“Listen! The wind is rising, and the air is wild with leaves, we have had our summer evenings, now for October eves.” ~
Since 1969, I have spent every fall day, every Autumn, indoors, either as a student or as a teacher, or as a busy mom of three, trying to catch up each Saturday all the laundry, housework, and food preparation one week might require. And every year I found fall dark, depressing and sad. It marked the end of golden, lazy summer; everything died and the cold seemed to seep too quickly into my bones and heart and make me so tired I longed to hibernate with the wild things. Fall was my least favorite season.
My retirement began last year on November 1. This year I have spent time outside every day, intentionally observing and embracing Autumn. I have witnessed leaves turn golden, amber, ginger and chocolate, and flutter to the ground in the breezes and gusts that warm us still, from south and west, and are beginning to cool us, from north and east. I have listened to the squirrels chatter and chuckle, scrambling up and down trees, building nests and gathering nuts. I have observed the birds chirping and twittering as they, like the squirrels, prepare for the coming cold, the smaller ones leaping excitedly from branch to branch in the trees while the large, lazy turkey buzzards and sharp-eyed hawks ride warm thermal currents, circling ever higher into the clear sunshine against the not quite summer-blue sky. With the cooling night temperatures I notice morning fog hovering over the still-warm lake while I drink my tea and allow the dogs to frisk in the chilly dawn and snuffle in the crispy leaves. Those leaves produce a certain acrid odor that tells me somewhere nearby is a neighbor who has diligently raked his fallen leaves and burned them, his yard all neat and tidy in preparation for shortening days, an odor that evokes memories of doing the same with my family many years ago at my childhood home.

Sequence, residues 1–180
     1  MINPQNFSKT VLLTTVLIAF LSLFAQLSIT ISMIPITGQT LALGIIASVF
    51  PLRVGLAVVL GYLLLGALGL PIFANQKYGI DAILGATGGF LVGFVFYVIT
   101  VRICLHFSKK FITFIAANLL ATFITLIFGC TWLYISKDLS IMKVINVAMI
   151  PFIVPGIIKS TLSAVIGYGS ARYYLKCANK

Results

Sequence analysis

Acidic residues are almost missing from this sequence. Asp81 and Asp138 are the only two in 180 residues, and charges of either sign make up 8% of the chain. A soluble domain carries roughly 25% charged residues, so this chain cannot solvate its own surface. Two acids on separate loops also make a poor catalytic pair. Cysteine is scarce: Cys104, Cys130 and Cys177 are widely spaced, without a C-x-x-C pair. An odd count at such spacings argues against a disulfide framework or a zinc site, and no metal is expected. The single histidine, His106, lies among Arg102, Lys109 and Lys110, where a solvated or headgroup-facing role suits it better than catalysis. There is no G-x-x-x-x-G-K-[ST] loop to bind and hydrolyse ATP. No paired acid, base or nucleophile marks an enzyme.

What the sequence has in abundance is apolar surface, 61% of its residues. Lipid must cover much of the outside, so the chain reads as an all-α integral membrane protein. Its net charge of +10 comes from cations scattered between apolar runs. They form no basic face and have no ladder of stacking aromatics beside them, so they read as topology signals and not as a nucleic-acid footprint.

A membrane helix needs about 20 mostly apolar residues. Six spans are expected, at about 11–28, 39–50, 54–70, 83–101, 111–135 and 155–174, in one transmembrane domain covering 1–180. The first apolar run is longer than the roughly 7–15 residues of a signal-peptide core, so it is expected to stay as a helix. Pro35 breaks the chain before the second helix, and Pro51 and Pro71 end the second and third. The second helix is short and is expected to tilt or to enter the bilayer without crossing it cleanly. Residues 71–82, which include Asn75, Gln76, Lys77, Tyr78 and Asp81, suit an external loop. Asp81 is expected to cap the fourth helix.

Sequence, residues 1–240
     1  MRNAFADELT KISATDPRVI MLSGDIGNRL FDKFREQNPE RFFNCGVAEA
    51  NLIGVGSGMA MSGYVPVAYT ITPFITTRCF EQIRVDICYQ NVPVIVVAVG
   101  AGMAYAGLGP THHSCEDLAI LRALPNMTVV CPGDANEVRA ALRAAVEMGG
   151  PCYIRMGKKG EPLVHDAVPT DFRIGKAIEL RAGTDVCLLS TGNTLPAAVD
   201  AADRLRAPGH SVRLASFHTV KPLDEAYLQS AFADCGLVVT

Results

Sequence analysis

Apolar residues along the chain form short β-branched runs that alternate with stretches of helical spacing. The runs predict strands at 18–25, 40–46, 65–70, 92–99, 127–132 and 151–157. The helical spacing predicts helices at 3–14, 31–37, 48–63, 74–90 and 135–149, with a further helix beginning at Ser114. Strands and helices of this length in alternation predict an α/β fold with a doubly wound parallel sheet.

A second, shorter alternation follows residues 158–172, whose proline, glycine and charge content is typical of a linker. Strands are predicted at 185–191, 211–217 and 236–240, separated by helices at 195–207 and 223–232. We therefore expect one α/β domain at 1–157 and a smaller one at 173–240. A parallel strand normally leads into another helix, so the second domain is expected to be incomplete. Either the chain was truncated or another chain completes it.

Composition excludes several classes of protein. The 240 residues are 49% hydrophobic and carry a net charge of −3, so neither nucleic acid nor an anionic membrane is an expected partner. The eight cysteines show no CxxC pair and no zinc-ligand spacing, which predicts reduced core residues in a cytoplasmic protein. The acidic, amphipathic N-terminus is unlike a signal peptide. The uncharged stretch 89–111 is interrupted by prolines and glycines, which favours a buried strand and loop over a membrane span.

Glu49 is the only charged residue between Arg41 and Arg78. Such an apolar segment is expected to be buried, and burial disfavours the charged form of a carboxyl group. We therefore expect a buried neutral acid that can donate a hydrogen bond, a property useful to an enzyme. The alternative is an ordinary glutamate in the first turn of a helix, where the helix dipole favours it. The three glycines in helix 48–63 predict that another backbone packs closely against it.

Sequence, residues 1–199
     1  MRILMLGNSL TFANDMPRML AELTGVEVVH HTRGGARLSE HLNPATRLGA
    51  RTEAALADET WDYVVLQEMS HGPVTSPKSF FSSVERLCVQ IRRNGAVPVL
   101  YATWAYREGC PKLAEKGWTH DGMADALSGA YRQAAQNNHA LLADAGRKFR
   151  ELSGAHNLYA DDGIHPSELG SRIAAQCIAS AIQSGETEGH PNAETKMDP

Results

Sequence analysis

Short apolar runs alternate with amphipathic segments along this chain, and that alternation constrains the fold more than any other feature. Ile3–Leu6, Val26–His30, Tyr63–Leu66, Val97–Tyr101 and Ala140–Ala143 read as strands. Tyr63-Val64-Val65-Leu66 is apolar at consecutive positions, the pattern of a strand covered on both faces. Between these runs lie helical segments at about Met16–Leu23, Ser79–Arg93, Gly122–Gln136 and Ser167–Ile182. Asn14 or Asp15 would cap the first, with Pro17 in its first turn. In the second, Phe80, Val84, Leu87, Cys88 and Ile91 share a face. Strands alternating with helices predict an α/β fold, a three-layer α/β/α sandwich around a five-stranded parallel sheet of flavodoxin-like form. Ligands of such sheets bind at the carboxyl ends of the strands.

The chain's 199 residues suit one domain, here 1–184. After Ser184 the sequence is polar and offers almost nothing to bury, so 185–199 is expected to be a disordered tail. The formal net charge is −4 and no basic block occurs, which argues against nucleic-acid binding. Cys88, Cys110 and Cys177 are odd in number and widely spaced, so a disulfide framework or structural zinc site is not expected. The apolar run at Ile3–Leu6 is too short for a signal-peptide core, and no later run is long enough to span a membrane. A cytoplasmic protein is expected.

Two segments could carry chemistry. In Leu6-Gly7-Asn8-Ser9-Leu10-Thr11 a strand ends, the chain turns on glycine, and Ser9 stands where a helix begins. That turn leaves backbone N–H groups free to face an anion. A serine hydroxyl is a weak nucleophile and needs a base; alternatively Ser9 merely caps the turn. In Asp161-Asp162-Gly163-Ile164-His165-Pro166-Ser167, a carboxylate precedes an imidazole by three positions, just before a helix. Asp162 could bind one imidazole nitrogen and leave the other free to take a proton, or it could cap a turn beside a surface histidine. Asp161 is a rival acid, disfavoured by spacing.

Now that I have this time for reflection, and long morning, mid-day and evening strolls, I realize it wasn’t fall so much that I disliked – it was going inside, losing the freedom of summer, becoming disconnected from the Earth, the trees, the animals of the woods. It was less sunshine, less wind in my face, less feeling the pace of Nature. Indoors, my pace was artificial, the lights artificial, the urgency artificial. Inside provided warmth and comfort on a cold night, to be sure, but inside lacked the authentic richness of connection to this colorful, mature, ripening, burgeoning season of harvest.
College football, scarves, sweaters, boots, crysanthemums, Halloween, Veteran’s Day, Thanksgiving, fires in the fireplace, fall festivals, crockpot suppers, warm cider and pumpkin spice everything bring their own joys. But this year, hope comes up each day with the sun, instead of counting days to the weekend, or the next holiday break, or next summer. Peace grins from carved pumpkins, honks from flocks of geese on the lake, and turns over for a season of rest in the fallow fields that I pass daily. And the seasonal light sets the sky on fire each morning and evening, with the most gorgeous hues of lavender and apricot.
Fall just may be my favorite season!
Wishing you all the blessings of Autumn…